Gone are the days where estate taxes were minimal, where there was always an heir or heirs that wanted to carry on the farm, and long term health care was just a rocking chair and an aspirin. Farmers didn’t need a retirement plan in those days. Now days, Midwest farmers are faced with a very different situation.
Generally Congress has been fairly generous to the family farm with regards to the federal estate tax. In 2003, an Indiana family could shield 1 million dollars from estate taxes. In 2009, that number increased to $3.5 million each. For 2017, the estate and gift tax exemption is $5.49 million per individual, up from $5.45 million in 2016. That means an individual can leave $5.49 million to heirs and pay no federal estate or gift tax. However, the exemption amount is always subject to change. Even if the total farm estate is below the federal exemption amount, a good succession plan will take into account for changes to the federal estate tax exemption. Else, the estate may end up paying as much as 40% in estate tax.
These days, only a portion of the heirs usually desire to continue the farming operation. Farming doesn’t appeal to the next generation and they would prefer Benjamin Franklin over owning a piece of dirt or machinery. The difficulty becomes creating a succession plan that treats all heirs as fair as possible, but ensuring the heirs that value the farm can continue its operation.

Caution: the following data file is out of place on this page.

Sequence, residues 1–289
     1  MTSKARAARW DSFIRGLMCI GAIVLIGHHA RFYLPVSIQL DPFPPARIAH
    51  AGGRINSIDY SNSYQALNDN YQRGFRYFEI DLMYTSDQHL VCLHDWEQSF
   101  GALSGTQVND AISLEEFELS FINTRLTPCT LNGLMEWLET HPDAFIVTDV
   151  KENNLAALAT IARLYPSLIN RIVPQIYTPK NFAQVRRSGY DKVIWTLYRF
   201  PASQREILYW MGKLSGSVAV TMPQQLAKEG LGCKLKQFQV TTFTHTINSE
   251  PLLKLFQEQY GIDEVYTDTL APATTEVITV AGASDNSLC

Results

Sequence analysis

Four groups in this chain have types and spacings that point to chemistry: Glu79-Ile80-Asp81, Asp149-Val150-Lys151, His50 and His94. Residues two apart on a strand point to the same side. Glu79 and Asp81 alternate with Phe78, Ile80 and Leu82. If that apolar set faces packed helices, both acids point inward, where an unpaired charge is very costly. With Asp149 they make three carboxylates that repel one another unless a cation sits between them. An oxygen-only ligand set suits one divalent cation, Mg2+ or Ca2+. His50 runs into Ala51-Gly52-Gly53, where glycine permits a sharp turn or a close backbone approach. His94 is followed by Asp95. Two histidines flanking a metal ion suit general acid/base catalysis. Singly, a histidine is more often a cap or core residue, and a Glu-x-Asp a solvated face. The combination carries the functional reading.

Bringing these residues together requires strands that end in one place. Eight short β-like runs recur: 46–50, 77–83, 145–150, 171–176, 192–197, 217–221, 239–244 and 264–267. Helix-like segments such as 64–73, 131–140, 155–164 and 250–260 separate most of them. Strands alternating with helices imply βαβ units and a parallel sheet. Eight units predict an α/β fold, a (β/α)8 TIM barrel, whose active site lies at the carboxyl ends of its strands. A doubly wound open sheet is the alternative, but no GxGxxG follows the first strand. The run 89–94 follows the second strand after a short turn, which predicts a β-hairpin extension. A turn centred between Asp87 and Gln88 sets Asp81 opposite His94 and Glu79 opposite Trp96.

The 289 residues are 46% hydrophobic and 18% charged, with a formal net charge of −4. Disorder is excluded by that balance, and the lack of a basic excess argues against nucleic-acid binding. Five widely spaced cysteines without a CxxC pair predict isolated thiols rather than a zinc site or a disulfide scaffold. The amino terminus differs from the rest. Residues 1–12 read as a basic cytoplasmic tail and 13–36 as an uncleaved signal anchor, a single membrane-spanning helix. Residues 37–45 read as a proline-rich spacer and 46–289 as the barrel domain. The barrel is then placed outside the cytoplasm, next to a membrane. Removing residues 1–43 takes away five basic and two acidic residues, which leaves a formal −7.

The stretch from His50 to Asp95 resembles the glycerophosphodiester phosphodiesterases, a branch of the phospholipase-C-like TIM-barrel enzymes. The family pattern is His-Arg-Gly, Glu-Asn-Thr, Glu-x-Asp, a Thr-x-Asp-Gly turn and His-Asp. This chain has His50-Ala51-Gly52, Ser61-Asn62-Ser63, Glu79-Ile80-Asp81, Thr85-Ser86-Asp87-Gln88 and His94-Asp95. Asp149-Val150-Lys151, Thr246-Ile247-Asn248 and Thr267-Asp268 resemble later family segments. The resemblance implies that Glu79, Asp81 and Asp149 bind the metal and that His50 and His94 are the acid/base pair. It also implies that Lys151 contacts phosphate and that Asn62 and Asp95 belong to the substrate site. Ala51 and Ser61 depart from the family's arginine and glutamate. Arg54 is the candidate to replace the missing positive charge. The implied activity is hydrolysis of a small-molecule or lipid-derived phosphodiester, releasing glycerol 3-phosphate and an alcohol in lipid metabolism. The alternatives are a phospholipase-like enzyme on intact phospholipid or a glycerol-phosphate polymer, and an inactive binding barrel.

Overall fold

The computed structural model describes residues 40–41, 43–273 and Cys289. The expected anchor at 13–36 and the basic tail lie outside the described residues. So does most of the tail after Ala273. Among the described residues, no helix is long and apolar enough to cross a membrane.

Also, people are living longer today, which means long term health care is more of the norm. All of us should be well aware that this long term health care does not come cheap. The challenge becomes making sure we can afford such care, but not drain away the assets of the farming operation in the process.
Essentially, the perfect storm has now come together where farming operations face the same succession difficulties that other businesses face. Sadly, the future of farming in this country will be shaped by how well the current farm population plans for succession. Simply put, the number of viable farms in this country will be determined not by how successful the farming operations are in terms of yields, acres, prices, etc., but by how well current farmers plan to transfer their farming operations to the next generation.